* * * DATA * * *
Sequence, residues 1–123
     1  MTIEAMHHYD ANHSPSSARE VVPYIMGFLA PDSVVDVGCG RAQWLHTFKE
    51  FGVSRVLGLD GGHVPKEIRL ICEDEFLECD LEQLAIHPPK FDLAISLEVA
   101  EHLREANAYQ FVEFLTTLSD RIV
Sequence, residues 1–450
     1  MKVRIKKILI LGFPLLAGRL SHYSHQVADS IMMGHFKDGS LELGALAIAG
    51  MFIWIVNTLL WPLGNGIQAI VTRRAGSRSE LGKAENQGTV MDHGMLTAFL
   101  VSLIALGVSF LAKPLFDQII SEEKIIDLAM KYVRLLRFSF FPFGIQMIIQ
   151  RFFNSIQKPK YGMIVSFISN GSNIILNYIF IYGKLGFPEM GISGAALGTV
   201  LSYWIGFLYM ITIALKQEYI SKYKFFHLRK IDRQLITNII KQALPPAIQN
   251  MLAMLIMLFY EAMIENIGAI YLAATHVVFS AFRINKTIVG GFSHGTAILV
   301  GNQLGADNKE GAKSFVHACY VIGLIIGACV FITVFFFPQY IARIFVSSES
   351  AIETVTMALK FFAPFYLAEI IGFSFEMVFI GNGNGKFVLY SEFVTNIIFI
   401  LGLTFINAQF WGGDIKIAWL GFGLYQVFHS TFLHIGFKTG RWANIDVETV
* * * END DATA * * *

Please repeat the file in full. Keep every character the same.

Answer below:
Sequence, residues 1–123
     1  MTIEAMHHYD ANHSPSSARE VVPYIMGFLA PDSVVDVGCG RAQWLHTFKE
    51  FGVSRVLGLD GGHVPKEIRL ICEDEFLECD LEQLAIHPPK FDLAISLEVA
   101  EHLREANAYQ FVEFLTTLSD RIV
Sequence, residues 1–450
     1  MKVRIKKILI LGFPLLAGRL SHYSHQVADS IMMGHFKDGS LELGALAIAG
    51  MFIWIVNTLL WPLGNGIQAI VTRRAGSRSE LGKAENQGTV MDHGMLTAFL
   101  VSLIALGVSF LAKPLFDQII SEEKIIDLAM KYVRLLRFSF FPFGIQMIIQ
   151  RFFNSIQKPK YGMIVSFISN GSNIILNYIF IYGKLGFPEM GISGAALGTV
   201  LSYWIGFLYM ITIALKQEYI SKYKFFHLRK IDRQLITNII KQALPPAIQN
   251  MLAMLIMLFY EAMIENIGAI YLAATHVVFS AFRINKTIVG GFSHGTAILV
   301  GNQLGADNKE GAKSFVHACY VIGLIIGACV FITVFFFPQY IARIFVSSES
   351  AIETVTMALK FFAPFYLAEI IGFSFEMVFI GNGNGKFVLY SEFVTNIIFI
   401  LGLTFINAQF WGGDIKIAWL GFGLYQVFHS TFLHIGFKTG RWANIDVETV